The two new operating bases are in Stavanger, Norway, and Aberdeen, Scotland. The two outposts will serve the North Sea offshore market. According to the release, Nauticus will work with local partners to service the region’s offshore wind and oil and gas markets. The company will also expand Nauticus Fleet, a "robotic navy of surface and subsea robots," which was established in April of 2022.

These two new regional offices are just the first examples of international growth Nauticus has planned, according to the release. Established to serve as logistics operation centers, the company's expansion plan includes new remote operation centers and service teams around the world in growth markets. The company did not announce any specific expansion plans.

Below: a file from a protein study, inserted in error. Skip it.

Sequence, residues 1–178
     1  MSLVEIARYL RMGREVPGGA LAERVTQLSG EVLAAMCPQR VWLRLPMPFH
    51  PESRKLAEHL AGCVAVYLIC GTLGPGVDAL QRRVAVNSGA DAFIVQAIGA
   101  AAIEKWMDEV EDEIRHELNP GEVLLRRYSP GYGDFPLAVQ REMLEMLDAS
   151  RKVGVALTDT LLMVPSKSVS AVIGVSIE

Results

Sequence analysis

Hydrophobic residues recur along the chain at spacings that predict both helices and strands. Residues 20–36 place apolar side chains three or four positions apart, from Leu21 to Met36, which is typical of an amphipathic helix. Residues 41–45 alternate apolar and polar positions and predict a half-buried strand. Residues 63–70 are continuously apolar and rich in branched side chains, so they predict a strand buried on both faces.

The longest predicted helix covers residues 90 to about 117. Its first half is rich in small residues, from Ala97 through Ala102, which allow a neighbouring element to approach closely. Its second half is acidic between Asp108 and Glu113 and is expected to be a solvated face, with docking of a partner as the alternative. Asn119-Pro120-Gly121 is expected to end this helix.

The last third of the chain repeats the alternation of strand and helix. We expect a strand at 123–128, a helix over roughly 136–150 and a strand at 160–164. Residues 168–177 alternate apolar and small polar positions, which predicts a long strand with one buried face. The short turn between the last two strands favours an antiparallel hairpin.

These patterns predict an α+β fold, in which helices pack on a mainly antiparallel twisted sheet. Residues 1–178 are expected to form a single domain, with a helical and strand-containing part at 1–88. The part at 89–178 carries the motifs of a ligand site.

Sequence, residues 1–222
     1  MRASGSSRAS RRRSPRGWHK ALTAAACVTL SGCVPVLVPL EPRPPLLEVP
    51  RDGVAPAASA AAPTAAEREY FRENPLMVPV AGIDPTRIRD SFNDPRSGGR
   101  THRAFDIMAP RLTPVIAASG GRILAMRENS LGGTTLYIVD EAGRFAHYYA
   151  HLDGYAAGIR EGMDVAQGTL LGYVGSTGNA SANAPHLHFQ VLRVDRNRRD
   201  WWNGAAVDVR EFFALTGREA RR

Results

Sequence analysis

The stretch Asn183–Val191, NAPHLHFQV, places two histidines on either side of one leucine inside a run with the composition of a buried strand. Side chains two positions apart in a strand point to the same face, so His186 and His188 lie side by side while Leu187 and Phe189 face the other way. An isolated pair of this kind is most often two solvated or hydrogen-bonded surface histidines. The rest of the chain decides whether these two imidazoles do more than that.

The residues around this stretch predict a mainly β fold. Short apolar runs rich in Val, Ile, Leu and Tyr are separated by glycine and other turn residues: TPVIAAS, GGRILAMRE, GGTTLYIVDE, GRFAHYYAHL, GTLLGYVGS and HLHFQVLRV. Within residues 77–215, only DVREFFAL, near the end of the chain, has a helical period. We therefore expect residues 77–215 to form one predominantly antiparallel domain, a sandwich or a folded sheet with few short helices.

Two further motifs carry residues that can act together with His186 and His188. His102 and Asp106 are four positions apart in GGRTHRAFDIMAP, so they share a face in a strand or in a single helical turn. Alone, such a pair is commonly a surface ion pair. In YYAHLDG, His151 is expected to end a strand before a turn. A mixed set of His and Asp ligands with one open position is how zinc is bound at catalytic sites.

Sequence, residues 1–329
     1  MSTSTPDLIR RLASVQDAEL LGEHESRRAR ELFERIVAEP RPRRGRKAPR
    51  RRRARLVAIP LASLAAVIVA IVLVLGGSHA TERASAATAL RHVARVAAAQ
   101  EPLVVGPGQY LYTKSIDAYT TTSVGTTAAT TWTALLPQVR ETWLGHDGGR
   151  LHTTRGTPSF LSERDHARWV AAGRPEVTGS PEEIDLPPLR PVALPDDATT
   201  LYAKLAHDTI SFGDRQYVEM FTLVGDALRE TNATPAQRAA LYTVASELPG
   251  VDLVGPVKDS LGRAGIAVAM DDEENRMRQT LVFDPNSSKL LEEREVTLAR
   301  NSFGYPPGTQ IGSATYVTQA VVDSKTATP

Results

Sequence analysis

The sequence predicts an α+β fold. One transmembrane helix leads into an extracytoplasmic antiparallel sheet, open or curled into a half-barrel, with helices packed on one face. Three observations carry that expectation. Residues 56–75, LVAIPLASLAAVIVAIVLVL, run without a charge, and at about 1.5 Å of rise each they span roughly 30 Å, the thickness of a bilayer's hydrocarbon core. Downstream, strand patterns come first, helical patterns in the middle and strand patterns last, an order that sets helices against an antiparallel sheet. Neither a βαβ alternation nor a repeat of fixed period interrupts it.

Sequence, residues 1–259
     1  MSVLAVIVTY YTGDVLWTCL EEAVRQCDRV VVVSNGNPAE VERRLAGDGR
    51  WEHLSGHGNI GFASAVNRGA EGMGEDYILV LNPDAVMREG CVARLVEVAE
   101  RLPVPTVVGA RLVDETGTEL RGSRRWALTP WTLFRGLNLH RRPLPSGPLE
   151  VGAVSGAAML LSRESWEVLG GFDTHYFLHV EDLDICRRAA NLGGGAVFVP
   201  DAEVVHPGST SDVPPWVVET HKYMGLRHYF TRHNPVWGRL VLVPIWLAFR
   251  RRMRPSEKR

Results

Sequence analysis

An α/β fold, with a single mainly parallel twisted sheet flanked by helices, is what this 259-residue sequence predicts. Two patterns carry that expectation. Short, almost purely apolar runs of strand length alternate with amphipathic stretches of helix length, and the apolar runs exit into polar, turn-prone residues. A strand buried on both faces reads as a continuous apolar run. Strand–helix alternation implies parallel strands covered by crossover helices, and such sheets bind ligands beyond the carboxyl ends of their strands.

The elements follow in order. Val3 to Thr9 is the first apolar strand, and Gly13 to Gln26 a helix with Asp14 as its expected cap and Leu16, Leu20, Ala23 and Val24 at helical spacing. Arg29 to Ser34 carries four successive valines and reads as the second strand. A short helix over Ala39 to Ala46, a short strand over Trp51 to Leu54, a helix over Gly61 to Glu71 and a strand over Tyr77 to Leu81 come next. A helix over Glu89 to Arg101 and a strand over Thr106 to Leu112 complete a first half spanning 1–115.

"We are eager to ramp up activities in these international markets as our growing team contributes to our mission," Radford adds.

In October, shortly after its IPO, Nauticus announced that it has been awarded a second multimillion-dollar contract from the U.S. Defense Innovation Unit, part of the U.S. Defense Department, for development of a self-piloted amphibious robot system powered by the company’s ToolKITT command-and-control software.

The company was originally founded in 2014 as Houston Mechatronics Inc. before rebranding in 2021.